Glorious Of the Sea

Of the Sea opened tonight to tumultuous applause from the Bluma Appel Theatre crowd, a co-production of Obsidian Theatre & Tapestry Opera.

Kanika Ambrose (photo:Dahlia Katz)

Kanika Ambrose (libretto) and Ian Cusson (music) have collaborated to bring a beautiful myth to life. I heard how they worked together at the Tapestry Liblab in 2018, gradually inventing a story that hit me as a perfect parable for our time. We’re watching people who have fallen or been thrown from slave ships, sinking to the bottom of the ocean and being brought back into a kind of life. It’s easiest to imagine such a scenario in an opera, and I am grateful to hear this sung by a cast of black performers. I had no trouble believing the illusion especially with the magical visuals from Rachel Forbes (set & costume designer) and Laura Warren (projection designer).

Dzifa (Suzanne Taffot) and Serwa (Chantale Nurse) seek to lead Maduka (Jorell Williams)

It’s almost Easter, and here we are with another opportunity to ponder the immortality of the soul and the meaning of life, admittedly via a different set of cultural assumptions,. Dzifa (Suzanne Taffot) is the Queen who revives those who have fallen or been thrown into the ocean. We meet Maduka (Jorell Williams) who is unwilling to accept his fate, seeking to rescue his baby girl. Izunna (Justin Welsh) shows Maduka a group of others led by Serwa (Chantale Nurse) who seek to avenge themselves, even if their efforts prove to be futile.

The final scene hundreds of years later reminds me of a cross between the end of Wozzeck (in the foregrounding of the next generation) and Akhnaten (recalling the brutal reality confronting souls finding themselves displaced in time): except it’s gentler than either of those two.

Composer Ian Cusson

Cusson’s score sweeps you up, at times making patterns that might remind you of the oceanic music of Debussy, but including vocalism that is always easy to hear and understand. Cusson’s music is truly beautiful, the singers given occasion to seduce us into their world.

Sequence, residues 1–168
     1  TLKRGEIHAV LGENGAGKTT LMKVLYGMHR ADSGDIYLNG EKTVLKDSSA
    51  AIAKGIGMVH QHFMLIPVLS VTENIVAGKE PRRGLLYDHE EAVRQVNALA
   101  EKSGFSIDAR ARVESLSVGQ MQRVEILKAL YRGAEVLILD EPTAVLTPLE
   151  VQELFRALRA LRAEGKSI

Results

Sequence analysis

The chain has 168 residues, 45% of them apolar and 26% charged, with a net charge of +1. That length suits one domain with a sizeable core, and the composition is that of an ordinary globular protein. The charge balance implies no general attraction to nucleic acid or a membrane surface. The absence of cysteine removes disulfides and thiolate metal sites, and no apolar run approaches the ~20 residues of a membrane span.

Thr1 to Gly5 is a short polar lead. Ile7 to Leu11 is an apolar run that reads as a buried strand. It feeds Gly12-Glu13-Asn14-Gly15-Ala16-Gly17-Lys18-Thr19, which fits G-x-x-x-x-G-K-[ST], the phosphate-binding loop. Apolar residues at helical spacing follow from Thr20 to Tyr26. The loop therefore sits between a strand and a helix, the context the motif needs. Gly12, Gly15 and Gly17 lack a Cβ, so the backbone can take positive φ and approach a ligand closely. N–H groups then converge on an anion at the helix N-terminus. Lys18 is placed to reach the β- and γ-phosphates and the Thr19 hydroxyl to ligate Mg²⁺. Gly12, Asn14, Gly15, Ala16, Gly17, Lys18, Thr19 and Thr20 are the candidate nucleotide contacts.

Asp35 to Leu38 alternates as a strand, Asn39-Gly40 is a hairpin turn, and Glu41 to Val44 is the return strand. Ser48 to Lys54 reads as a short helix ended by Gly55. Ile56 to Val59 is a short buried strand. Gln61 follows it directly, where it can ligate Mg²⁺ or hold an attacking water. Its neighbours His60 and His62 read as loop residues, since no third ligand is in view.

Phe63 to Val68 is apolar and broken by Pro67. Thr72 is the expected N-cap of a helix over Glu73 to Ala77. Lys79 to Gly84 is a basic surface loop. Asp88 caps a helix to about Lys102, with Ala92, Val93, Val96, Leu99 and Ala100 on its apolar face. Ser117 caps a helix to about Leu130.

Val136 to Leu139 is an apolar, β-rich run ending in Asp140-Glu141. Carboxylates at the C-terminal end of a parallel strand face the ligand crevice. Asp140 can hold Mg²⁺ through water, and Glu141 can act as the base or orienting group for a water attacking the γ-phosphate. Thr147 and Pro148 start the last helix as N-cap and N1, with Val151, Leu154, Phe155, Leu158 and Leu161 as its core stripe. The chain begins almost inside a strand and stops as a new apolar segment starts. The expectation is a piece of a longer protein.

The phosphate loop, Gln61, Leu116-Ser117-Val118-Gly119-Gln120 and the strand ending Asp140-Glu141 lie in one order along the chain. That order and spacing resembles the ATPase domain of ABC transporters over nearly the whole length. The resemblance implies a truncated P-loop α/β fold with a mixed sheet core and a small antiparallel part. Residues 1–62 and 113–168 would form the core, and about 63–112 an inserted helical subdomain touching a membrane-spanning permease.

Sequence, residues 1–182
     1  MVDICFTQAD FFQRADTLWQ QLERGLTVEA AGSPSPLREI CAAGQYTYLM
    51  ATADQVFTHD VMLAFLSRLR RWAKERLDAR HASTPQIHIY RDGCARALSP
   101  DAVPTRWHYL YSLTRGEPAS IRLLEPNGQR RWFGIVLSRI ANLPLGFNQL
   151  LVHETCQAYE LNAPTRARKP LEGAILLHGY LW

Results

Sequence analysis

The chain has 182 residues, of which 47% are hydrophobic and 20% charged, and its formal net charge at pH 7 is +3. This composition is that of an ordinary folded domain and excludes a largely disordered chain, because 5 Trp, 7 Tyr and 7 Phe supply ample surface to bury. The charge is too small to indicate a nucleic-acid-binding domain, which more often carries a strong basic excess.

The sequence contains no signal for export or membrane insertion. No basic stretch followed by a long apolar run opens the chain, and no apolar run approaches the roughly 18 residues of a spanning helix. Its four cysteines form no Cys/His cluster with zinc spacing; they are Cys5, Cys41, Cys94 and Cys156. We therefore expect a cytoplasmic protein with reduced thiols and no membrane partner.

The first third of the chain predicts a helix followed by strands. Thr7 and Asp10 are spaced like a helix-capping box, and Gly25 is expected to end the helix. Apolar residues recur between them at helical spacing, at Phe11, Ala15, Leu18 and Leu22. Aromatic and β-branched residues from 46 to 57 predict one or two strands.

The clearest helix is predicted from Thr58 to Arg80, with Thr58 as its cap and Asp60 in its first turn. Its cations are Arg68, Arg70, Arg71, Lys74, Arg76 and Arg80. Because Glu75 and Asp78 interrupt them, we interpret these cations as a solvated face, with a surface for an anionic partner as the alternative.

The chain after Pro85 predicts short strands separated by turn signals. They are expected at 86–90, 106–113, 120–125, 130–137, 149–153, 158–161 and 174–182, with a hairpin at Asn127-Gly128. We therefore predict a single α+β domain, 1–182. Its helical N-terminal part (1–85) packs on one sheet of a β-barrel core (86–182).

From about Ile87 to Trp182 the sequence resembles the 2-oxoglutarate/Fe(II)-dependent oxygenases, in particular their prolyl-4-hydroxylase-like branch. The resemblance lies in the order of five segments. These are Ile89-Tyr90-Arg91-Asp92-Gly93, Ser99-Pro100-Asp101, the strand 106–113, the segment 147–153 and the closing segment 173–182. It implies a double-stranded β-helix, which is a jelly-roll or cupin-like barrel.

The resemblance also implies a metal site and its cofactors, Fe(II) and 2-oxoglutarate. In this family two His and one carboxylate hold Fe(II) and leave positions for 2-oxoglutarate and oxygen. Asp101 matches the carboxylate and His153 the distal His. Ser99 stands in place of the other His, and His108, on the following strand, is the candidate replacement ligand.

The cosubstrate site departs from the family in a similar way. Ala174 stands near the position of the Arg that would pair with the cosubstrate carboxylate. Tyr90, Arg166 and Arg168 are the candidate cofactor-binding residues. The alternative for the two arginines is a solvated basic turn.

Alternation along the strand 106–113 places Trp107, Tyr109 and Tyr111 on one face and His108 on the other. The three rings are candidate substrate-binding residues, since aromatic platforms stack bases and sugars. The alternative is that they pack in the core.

On occasion Cusson asked his singers –especially the two Queens, namely Nurse and Taffot—to venture to the top of their range. Williams gives us a great deal of dramatic singing, passionately committed throughout, and wonderfully transformed in his last moments. Welsh (whom I haven’t heard in awhile, but who will be back with the COC next year) sounded especially strong, his tone ringing out beautifully. It was good to hear sweet-voiced tenor Paul Williamson as Yaakar. Ruthie Nkut makes a stunning grown-up Binyelum.

Two key members of Tapestry’s team for Gould’s Wall were back, namely stage director Philip Akin and music director/ conductor Jennifer Tung, leading members of the COC orchestra; 19 players are listed in the program.

Tapestry offered us other impressive world premieres in the past year, recalling RUR and Gould’s Wall last summer. I found that Of the Sea moves me more than either of the other two, a surprisingly uplifting experience considering the dark history of the middle passage. In its way this tale is just another way of looking at fundamental questions of morality such as those faced by MLK or Malcolm X, pondering how one chooses to respond to oppression.

No one in North America is making so much good new opera as Tapestry. There are four more performances for Of the Sea at the Bluma Appel Theatre until April 1st. For further information and tickets click here.

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